3 takeaways from Eagles Week 4 overtime loss to Titans

Tennessee Titans Tajae Sharpe Philadelphia Eagles Sidney Jones

For a second time this season, the Philadelphia Eagles shot themselves in the foot on the road and lost 26-23 in overtime to the Tennessee Titans. Titans quarterback Marcus Mariota hit wide receiver Corey Davis for the game-winning touchdown with 11 seconds left on the clock.

It was a defensive battle for the majority of the first half until quarterback Carson Wentz found wide receiver Jordan Matthews for a 56-yard touchdown to get the Eagles on the board.

Despite, dropping back an astounding 50 times, Wentz had a solid game and was able to get tight end Zach Ertz and Alshon Jeffery involved early and often in the game.

The defense, however, stepped up in holding the Titans’ running game to only 70 rushing yards. But when it mattered the most, they could not get off the field, had missed tackles and costly penalties that ultimately ended up hurting them in overtime.

With the loss, the Eagles are now 2-2 and 0-2 on the road.

Here are three takeaways from Philly’s inexcusable and disheartening loss in Nashville, Tenn.:

1. Secondary bends and finally breaks

Through the first three weeks of the regular season, the Eagles’ secondary has been under intense scrutiny for their bend-but-don’t break style.

Under the direction of defensive coordinator  Jim Schwartz, they play to keep the wide receivers in front of them and not allow them to get behind for big plays.

The Titans took a page out of the Bucs’ offensive playbook on Sunday and attacked the Eagles’ secondary immediately. On their first offensive drive, Mariota got a favorable matchup against cornerback Jalen Mills and made him pay. The Titans would eventually score and take an early 3-0 lead.

This was a continuous theme throughout the game as the Titans completed four 20-plus-yard passing plays against the Eagles. In just one game, they matched their total from the previous three games.

Mariota played exceptionally well, giving the defense fits not only throwing the ball but running it as well. 

The former first-round pick completed 69.7 percent of his passes for 344 yards, two touchdowns and an interception. He also had 46 rushing yards and a touchdown. In addition to Mariota, the secondary had no answer for Davis, who had nine receptions for 161 yards and Taywan Taylor, who had seven receptions for 77 yards.

The secondary must improve quickly because they have a tough matchup next week at home against quarterback Kirk Cousins and the reeling Minnesota Vikings.

2. Offensive line struggles to protect Wentz

Along with the defensive struggles, the Eagles’ offensive line did not do a good enough job of protecting quarterback Carson Wentz. This is the second week in a row that the offensive line allowed Wentz to take numerous hits.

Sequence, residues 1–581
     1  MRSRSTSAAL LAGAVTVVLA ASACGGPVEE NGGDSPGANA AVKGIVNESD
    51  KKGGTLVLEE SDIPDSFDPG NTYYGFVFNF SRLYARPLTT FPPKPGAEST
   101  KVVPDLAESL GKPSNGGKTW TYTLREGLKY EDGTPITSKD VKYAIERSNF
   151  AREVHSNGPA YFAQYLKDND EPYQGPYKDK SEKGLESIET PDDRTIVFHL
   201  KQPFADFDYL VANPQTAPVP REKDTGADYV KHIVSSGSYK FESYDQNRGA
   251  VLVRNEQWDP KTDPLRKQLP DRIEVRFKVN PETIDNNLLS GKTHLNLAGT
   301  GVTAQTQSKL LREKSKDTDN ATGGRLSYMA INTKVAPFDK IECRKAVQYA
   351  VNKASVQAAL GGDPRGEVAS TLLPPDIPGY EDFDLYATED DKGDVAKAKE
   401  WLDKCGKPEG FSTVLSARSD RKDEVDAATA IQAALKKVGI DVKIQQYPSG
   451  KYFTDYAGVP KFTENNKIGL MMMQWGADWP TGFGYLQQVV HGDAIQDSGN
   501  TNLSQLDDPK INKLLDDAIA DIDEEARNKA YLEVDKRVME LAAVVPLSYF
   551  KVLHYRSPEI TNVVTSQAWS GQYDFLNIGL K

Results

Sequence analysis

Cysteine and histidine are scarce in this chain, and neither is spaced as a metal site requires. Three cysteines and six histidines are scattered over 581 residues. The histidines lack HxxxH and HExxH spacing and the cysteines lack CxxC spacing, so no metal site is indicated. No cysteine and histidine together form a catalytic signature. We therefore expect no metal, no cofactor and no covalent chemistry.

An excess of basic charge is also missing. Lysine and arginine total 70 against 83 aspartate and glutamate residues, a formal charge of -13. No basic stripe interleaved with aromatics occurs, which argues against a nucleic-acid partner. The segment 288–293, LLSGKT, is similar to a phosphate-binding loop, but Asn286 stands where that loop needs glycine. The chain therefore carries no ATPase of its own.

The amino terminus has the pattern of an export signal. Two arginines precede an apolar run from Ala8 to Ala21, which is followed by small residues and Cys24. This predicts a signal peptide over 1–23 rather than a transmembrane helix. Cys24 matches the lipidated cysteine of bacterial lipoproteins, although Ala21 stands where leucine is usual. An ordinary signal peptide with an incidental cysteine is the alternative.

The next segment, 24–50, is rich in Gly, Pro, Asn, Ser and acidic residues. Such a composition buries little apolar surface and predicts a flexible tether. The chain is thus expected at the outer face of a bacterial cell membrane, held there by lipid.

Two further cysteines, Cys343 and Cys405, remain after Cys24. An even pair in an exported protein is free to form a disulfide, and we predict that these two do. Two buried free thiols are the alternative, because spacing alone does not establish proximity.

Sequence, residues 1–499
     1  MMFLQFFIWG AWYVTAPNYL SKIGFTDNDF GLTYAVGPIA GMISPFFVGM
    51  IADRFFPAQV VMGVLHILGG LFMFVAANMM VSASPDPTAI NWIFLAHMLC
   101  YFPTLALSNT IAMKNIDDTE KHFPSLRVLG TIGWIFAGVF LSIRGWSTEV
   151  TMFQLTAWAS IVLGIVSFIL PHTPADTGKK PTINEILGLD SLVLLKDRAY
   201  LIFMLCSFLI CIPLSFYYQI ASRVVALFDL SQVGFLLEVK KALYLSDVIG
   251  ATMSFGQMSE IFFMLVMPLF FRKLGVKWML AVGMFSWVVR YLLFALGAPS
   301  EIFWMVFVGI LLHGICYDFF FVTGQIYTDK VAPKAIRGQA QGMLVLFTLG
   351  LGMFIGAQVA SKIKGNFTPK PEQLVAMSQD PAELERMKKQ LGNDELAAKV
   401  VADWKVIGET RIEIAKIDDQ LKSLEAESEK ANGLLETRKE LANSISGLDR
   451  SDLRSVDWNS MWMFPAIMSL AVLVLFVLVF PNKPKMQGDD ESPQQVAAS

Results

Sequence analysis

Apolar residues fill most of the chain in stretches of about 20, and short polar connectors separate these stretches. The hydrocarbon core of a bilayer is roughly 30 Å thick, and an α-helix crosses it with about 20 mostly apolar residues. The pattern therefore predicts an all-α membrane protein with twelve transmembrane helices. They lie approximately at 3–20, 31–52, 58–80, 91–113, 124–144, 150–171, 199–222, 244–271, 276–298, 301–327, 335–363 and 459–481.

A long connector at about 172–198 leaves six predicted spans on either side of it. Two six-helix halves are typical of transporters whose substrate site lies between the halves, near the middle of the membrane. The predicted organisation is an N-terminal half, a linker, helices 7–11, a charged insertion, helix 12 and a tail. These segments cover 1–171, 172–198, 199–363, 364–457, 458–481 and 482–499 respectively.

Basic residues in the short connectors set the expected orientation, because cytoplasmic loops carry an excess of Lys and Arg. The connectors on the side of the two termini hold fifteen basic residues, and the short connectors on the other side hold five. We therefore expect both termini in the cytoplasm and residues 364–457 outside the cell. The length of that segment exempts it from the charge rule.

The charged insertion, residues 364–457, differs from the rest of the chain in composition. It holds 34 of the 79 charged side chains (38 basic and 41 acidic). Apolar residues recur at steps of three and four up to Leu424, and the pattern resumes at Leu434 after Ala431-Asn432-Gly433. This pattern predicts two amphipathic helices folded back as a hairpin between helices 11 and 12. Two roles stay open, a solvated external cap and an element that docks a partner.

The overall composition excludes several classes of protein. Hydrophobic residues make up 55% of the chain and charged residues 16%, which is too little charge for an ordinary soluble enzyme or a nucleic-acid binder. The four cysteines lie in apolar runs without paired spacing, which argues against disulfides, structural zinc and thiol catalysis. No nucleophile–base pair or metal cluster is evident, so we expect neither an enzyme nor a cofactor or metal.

Heading into Sunday’s contest, the Eagles’ offensive line was ranked 23rd in pass protection with an adjusted sack rate of 7.8 percent, according to Football Outsiders.

What does this mean in the grand scheme of things?

It means that the Eagles are struggling in pass protection and need to improve quickly.

Philly’s offensive line allowed the Colts to pick up five sacks last week on Wentz, and against Tennessee, they racked up four sacks. In the fourth quarter, Wentz got strip-sacked on a blown assignment by right tackle Lane Johnson, which put the Titans in scoring position.

There were many times in the game, where Johnson and other Eagles players were just standing around looking confused.

All in all, the Eagles have a lot of work on their hands if they want to repeat as Super Bowl champs.

3. Wentz looks sharp in second start

Last Sunday, Wentz made his 2018 regular season debut against the Indianapolis Colts. He was not perfect by any means but showed flashes of what made him a potential NFL MVP candidate, before suffering a season-ending knee injury.

With another week of practice and playing time under his belt, Wentz looked better against the Titans. He was slinging the ball up and down the field, completing 66 percent of his passes for 348 yards and two touchdowns.

One of the reasons for Wentz’s success on Sunday was the return of  Jeffery. The veteran wide receiver missed all of the preseason and the first three games of the season rehabbing from torn rotator cuff surgery.

The combo did not miss a beat against the Titans as Jeffery had eight receptions (nine targets) for 105 yards and a touchdown.

Having Jeffery back on the field, also allowed Ertz to go to work in the middle of the field, compiling 10 receptions (12 targets) for 112 yards.

The Eagles’ offense is a work in progress but took major strides against Tennessee. Hopefully, they will have a healthy Darren Sproles and Corey Clement ready to go next week to help out in the running game.

For Philadelphia to be successful and for Wentz to make it through the season, they cannot have 20 carries between two running backs (Jay Ajayi and Wendell Smallwood). It is not a recipe for long-term success.

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